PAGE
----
The Lough Foyle border dispute has only been discussed over the telephone or by email by Dublin and London over the past year-and-a-half, according to one of the favourites to become the next British Prime Minister.
The UK’s Secretary of State for Environment, Food and Rural Affairs, Michael Gove, admitted there have been no sit-down talks since 2017.
He acknowledged that, with the UK set to depart from the EU in a matter of months, “any working agreement/transitional arrangements for Lough Foyle will require a carefully managed plan”.
In a letter to the Northern Ireland Affairs Committee the British fisheries minister explained that the Lough Foyle border dispute is the responsibiliy of the British Foreign and Commonwealth Office (FCO).
Controversially, the UK claims it owns the whole of the lough right up to the high water mark on the Inishowen shore. This claims has always been denied by Dublin. The last time the department’s officials sat down with their Irish counterparts, however, was in autumn 2017 when Boris Johnson was still the British Foreign Secretary.
“Management of the relationship with Ireland over the border Loughs is a matter for the FCO,” wrote Mr. Gove.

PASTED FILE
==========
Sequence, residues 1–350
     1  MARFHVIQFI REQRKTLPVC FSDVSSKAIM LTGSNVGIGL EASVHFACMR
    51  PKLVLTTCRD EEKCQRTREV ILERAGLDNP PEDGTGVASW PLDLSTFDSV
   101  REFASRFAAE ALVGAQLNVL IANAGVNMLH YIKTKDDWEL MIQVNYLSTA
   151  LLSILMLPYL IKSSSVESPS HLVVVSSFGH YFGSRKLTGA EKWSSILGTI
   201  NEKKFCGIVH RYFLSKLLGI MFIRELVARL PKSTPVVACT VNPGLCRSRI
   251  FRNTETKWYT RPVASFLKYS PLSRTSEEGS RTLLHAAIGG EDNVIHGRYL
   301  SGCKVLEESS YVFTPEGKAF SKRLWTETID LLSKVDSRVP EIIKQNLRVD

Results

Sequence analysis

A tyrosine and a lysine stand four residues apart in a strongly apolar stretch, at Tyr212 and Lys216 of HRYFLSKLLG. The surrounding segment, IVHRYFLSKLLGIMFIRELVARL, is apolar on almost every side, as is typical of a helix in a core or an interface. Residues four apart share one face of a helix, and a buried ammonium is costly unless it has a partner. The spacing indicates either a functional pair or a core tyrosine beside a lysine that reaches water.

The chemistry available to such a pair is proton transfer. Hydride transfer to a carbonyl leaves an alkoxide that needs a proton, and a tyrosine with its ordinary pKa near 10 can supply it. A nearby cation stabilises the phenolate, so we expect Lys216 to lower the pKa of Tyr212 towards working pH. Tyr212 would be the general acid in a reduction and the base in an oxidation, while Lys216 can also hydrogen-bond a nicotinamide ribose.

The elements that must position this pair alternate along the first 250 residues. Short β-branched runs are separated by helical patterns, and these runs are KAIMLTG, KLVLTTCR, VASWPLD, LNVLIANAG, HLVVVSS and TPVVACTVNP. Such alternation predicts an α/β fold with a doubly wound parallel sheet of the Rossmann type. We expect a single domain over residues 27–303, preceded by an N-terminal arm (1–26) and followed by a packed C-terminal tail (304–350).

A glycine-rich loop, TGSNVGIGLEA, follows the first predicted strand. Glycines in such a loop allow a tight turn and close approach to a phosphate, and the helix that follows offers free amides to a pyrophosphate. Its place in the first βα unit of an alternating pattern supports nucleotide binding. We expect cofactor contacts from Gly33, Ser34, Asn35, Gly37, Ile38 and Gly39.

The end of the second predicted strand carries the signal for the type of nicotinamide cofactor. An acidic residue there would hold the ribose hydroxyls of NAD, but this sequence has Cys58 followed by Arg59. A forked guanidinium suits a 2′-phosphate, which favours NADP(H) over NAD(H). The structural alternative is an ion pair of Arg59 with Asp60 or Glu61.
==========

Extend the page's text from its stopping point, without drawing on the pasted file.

“The FCO hosted a meeting with the Irish Government in London to discuss the Loughs on October 7, 2017. Since then, contact has been by telephone call and email, as the Irish considered they did not need a return to Dublin and work could progress by these means.
“Any working agreement/transitional arrangements for Lough Foyle will require a carefully managed plan with clearly defined timelines and actions before any functions are undertaken by the relevant Competent Authorities in both Jurisdictions.
“The management of Lough Foyle needs to be considered as a whole, and at present there are a number of matters that remain to be resolved including shipping and fisheries. It is not therefore possible to provide a single date for when matters relating to fisheries will be resolved,” he added.